David R. Coxon
President & CEO
Georgia Primary Bank
Group 5 Rep., GBA Board of Directors
Group 5 Rep., GBA Credit Committee
Group 5 Rep., GBA Nominating Committee
Group 5 Rep., GBA Community Bankers Committee
Q: What was your first job, and was there a lesson you learned there that you still use today?
A: I set my sights on a career in banking when I started as a teller with Columbus Bank & Trust. Particularly in those days, tellers were often the face of the bank, and I quickly learned that most customers had their favorite.
The job helped me develop my interpersonal communication skills beyond just speaking. My non-verbal communication, negotiating and especially listening were enhanced as I dealt with customers’ financial matters, which often exposed me to a very personal understanding of the individual and their families. To this day, much of what I learned as a teller has served me well in working to develop customer relationships.
Q: Tell us a little bit about your career journey.
A: It’s hard to believe that in just a few years I will be closing in on 50 years in banking. Since I started in 1974, the Georgia banking market and the entire industry have gone through tremendous change. What was once a covenanted business to the local community often bound by county, state or region is now a global enterprise.
When I started with Columbus Bank & Trust under the leadership of James “Jimmy” H. Blanchard, he promoted the idea of banking as a people business, both inside and outside the organization, and I appreciated what that would mean in my career. CB&T provided my foundation in people skills, community involvement and what to expect as a career banker.
Mid-career, I spent a number of years with BankSouth in Macon. I had the best of both worlds, being a community banker and part of a large, Atlanta-based bank. I honed my credit skills during this time. Being exposed to everything from agricultural to international lending, I developed a deep appreciation for skilled underwriting as well as structure and legal considerations when lending the bank’s assets to protect depositors and shareholders alike.
The mentor who contributed most to my career was George H. Hall, a “banker’s banker,” who was a no nonsense, straight-talking, customer-oriented person whose heart was bigger than most will ever know. I owe my career to George.
Since 2012, I have had the privilege of working with more than 30 bankers at Georgia Primary Bank, an institution that, when I first arrived, required all of the skills I learned over the years and then some. Enduring some unbelievable economic times in the last downturn, the bank faced some tough lessons learned. It’s not something I plan on experiencing again but reinforces the importance of a bank’s role in our economy. I have always said, ‘It is easy to be a banker in good times, but what kind of banker will you be when times are not so good?’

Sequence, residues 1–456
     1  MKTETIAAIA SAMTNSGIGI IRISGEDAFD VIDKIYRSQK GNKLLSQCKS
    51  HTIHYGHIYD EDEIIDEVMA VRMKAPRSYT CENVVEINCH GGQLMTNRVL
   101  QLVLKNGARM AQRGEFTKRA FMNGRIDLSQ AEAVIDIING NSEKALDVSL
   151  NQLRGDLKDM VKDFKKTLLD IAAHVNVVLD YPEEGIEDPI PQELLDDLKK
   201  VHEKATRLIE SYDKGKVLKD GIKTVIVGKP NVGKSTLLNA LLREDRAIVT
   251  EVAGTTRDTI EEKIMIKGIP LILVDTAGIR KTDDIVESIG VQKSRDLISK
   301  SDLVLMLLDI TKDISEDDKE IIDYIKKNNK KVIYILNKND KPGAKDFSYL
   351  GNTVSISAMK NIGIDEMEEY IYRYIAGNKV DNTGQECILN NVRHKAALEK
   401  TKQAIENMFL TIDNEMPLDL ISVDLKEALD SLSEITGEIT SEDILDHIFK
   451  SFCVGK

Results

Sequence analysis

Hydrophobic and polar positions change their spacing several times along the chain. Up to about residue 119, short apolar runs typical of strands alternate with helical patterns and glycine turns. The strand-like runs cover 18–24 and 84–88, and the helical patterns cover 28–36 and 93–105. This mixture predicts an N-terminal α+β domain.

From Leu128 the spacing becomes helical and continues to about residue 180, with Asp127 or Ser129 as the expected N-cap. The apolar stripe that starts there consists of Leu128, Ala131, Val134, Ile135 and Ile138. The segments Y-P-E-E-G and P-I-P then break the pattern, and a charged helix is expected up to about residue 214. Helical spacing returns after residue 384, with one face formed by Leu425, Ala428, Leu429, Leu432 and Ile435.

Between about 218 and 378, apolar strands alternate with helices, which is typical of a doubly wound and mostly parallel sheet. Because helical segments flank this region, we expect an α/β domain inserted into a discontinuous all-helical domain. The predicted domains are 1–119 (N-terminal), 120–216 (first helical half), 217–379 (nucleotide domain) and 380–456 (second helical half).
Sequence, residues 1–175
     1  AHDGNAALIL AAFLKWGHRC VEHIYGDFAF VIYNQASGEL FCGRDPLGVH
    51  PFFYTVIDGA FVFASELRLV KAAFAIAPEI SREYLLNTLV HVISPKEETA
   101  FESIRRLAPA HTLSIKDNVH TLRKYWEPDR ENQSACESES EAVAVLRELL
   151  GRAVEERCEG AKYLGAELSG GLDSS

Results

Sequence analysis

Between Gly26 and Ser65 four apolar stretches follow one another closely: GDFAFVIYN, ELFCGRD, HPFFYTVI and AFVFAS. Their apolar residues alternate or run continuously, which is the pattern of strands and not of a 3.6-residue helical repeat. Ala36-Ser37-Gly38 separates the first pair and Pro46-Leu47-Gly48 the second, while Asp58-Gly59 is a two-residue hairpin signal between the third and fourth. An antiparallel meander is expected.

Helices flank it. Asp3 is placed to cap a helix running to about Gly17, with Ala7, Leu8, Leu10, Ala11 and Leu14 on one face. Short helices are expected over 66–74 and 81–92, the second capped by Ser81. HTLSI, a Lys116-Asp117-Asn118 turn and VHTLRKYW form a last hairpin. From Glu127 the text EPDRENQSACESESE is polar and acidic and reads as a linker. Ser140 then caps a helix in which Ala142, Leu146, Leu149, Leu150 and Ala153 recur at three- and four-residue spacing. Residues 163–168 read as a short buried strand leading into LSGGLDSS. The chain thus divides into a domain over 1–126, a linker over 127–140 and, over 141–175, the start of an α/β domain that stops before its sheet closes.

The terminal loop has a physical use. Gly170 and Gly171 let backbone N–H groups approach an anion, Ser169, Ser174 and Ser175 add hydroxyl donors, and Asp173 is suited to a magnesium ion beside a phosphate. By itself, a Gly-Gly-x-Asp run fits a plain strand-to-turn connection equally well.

I hope my journey is far from over!
Q: What has been a favorite memory or experience so far working in the banking industry?
A: For me, my memories have all been good, but to narrow it down, it has been all about people. Regardless of advances in technology and innovations of service delivery, people have been the highlight of coming to work each day. Engging with customers, employees and shareholders on both sides of the balance sheet is gratifying when you see positive results.
I often share with others the pride I feel when driving through various cities throughout the state and seeing businesses, houses and community organizations that exist because the bank had a hand in making someone’s dreams a reality.
Q: Explain the concept and importance of the “Pay it Forward” theme at the 2019 GBA Credit Conference.
A: 'Pay It Forward' is not just a movie -- it is an opportunity in everything we do. Throughout life we are influenced, guided and taught by others to succeed. It is from their willingness to share and teach that we are able to improve our core competencies, build knowledge and achieve success.
There is a common theme in my comments about people, and just how valuable of an asset they can be to an organization. To benefit from opportunity, individuals within an organization must be recognized as willing, hard working and always striving for improvement. But opportunity must be supported from the top down.
This year’s Credit Conference offers the chance for bank management to recognize individuals within an organization and invite them to the two-day conference in December. Supporting their participation to further their learning, network with peers and get the latest in industry knowledge is a great way to “Pay it Forward’ in building bankers today to be tomorrow’s leaders.
Q: What would someone be surprised to learn about you?
A: Interestingly, I am a naturalized citizen, having been born in Munich, Germany. My father had a career in the Army, and while in Germany, the opportunity came for my parents to adopt. I share this because this was another form of “Paying it Forward” -- No greater country, no greater opportunity!
Additionally, it may be surprising that I have been married for 43 years and have known my wife, Sandy, since she was in 4th grade. It wasn’t like I “robbed the cradle” since I am not that much older, but like my career in banking, if you love it (her), then you stay the course.